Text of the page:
Canutt clearly brought memories of his Republic days with him. He and his stunt team are fully in their element with Where Eagles Dare. The team, consisting of Burton/Eastwood stand-ins Alf Joint and Eddie Powell, plus numerous other athletes and pyrotechnicians, romp about the screen with joy and vigor through a Parkour-like course made up of an exploding village, a cable car to the castle; the castle itself (with interiors designed by Peter Mullins), whose shadowy interiors wind about almost like an Escher painting; and finally a terrific chase along swooping Alpine roads.
While the close-ups of Burton and Eastwood on top of the cable car are clearly fake (as is practically all their action shots), the long shots are not. No, that’s not Burton and Eastwood actually clinging to the top of the cable car on the way up or battling with Nazis on the way down, hundreds of feet above ice, snow and rock; nonetheless when I watch stuntmen Joint and Powell I’m still choked. Even the best-laid stunts can go wrong fast and these sequences, shot in the cold Bavarian winter, remain scary. (Fun fact: Burton’s leap from cable car to cable car is lifted from a 1940 anti-Nazi British thriller, Night Train to Munich, starring Rex Harrison).
The best sequence though is the climactic jaw-dropping car chase through the mountains where Canutt and his team rig a series of head-spinning vehicular mishaps, with one troop carrier caught right in the middle of an exploding bridge then landing on the other side in a flaming heap (and it’s not even over then!).
Where Eagles Dare works not because of how it says what it says, but simply because of how it says it, period. There’s nothing else to it (except “Let’s kill Nazis!”). It’s a masterpiece of sight and sound, of pure action cinema.
Like most action films, once up the castle walls should do it, but as any fan will tell you, you can ride Where Eagles Dare again and again, its flaws charming instead of repelling. Its influence reaches to Raiders of the Lost Ark, Jackie Chan, and, less successfully, Inglorious Basterds. Hollywood action films today are too often loud clangorous things, full of super-rapid editing, shaky camerawork and CGI that makes us ask, “Is it real . . . or is it digital?” That’s not an action movie. That’s money spent for a headache.
Still, the question remains: “Why this type of movie?” Trolls will respond “Because you’re STUPID!” Others, with teary Puritan concern, might say “Because you secretly love killing and war and probably vote Republican!”
While writing this, I stumbled across a more interesting answer in Mary Mann’s book Yawn: Adventures in Boredom (Farrar, Straus and Giroux, 2017). Her lighthearted but perceptive survey asserts that boredom is an essential thread woven into the human condition, one that strikes even the most contented and contemplative of people, such as monks. Not only is it a constant among the poor, but it’s also a plague in war zones, of all places, where both combatants and civilians, with all of life’s other options closed off, suffer long episodes of crushing boredom punctuated by moments of terror that can actually feel like a release.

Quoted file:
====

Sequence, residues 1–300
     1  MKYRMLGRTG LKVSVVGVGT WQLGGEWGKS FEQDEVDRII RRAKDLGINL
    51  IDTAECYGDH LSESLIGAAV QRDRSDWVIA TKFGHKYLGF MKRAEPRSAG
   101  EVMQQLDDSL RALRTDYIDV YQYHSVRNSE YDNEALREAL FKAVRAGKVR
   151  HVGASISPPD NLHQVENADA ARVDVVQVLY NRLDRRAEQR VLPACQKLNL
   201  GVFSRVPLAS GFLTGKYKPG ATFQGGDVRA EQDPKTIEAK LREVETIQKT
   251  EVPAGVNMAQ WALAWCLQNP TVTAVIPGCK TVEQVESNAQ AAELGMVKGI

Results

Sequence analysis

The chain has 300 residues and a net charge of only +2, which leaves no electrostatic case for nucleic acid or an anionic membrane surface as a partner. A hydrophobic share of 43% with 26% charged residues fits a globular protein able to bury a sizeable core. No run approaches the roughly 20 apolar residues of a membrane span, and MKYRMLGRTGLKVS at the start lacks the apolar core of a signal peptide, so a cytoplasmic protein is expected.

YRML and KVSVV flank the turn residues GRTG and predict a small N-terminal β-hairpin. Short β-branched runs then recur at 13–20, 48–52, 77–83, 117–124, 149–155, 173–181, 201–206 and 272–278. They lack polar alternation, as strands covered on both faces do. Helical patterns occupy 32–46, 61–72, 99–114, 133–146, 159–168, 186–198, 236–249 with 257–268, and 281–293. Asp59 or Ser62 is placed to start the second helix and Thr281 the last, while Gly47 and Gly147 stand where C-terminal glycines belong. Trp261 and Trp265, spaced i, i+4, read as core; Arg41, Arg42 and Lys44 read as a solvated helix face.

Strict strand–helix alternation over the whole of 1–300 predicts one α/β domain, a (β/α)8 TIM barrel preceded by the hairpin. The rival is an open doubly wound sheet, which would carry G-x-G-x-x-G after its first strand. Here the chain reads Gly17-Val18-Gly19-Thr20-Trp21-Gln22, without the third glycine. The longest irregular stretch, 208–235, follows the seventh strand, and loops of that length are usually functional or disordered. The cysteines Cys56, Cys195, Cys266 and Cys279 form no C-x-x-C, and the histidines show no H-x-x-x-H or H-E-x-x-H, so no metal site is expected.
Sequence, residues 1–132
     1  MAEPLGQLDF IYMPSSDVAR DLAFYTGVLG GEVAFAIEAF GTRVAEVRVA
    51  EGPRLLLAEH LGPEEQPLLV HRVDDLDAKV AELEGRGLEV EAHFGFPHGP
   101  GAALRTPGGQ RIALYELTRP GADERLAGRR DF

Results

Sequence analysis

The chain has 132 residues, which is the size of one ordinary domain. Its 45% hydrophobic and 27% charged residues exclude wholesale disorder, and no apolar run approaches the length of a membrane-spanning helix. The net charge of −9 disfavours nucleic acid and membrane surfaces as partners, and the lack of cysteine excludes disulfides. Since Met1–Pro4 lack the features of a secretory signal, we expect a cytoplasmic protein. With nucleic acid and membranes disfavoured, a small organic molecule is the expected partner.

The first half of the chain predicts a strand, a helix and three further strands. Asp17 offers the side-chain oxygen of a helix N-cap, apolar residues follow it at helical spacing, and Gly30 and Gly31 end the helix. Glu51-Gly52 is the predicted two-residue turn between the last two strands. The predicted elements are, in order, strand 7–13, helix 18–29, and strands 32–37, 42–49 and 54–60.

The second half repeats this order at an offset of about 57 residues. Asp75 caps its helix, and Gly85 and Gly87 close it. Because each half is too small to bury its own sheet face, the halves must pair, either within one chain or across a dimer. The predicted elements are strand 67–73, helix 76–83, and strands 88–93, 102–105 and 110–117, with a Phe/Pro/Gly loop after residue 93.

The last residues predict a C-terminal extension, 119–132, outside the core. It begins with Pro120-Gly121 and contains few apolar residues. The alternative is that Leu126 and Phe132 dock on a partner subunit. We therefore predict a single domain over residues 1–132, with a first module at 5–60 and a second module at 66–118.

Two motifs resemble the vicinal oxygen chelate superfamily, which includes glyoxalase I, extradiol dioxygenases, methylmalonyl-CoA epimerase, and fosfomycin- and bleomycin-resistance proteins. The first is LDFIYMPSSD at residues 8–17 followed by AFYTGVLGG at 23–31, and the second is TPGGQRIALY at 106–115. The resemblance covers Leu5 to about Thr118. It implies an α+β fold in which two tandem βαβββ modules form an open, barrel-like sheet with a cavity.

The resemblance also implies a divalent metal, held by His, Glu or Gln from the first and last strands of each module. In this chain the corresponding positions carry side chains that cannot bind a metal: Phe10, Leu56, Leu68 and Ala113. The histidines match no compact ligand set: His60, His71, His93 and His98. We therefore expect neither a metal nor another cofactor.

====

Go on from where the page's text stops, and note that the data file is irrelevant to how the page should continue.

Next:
Mann further brightens the links between boredom and violence and crime in general. Violent movies represent one kind of relief by providing a safer escape valve for boredom, especially for those trapped in dead-end worlds, including, as Mann points out, women, who seem to enjoy action movies as much as men. Considering the trend of action films and TV series where women wear the shoes of Burton and Eastwood, Where Eagles Dare might be a great first-date movie after all.
All action movies are attempts to break the boredom. Their spectacle, crazed and basically amoral, relieve those lonely dreary patches of nothing, wherever we encounter them. They won’t ever solve our problems; they’re not meant to. All we sometimes need is a rollercoaster, a goodrollercoaster ride built by people who know exactly how to make them. Where Eagles Dare is simply, gloriously that.
Beaver, Jim, “Mini bio: Yakima Canutt,”IMDB,https://www.imdb.com/name/nm0134831/?ref_=nv_sr_1?ref_=nv_sr_1; accessed 7/20/19.
Cinema Retro, Movie Classics, a Cinema Retro Special Edition Magazine, Where Eagles Dare, Cinema Retro, London, 2012
Dyer, Geoff, Broadsword Calling Danny Boy: Watching Where Eagles Dare, Pantheon Books, New York 2018
Mann, Mary, Yawn: Adventures in Boredom, Farrar, Strauss and Giroux, New York, 2017.
Thomas Burchfield’s short story, “Lucky Day” will appear in the upcoming Berkeley Noir(Akashic Press, 2020). He’s also the author of Butchertown,a ripping 1920s gangster thriller, which was praised as “incendiary” by David Corbett (The Long-Lost Love Letters of Doc Holliday; The Art of Character). His contemporary vampire novel Dragon’s Arkwon the IPPY, NIEA, and Halloween Book Festival awards for horror in 2012. He’s also author of the original screenplays Whackers, The Uglies, Now Speaks the Devil andDracula: Endless Night (e-book editions only). Published by Ambler House Publishing, all are available at Amazon,Barnes and Noble, Powell’s Books, and other retailers. His reviews and essays have appeared in Posthoc.com,Swing TimeMagazine, Bright Lights Film Journal, The Strandand Filmfax. Additional essays can be found on his webpage A Curious Manand Medium. He lives in Northern California with his wife, Elizabeth.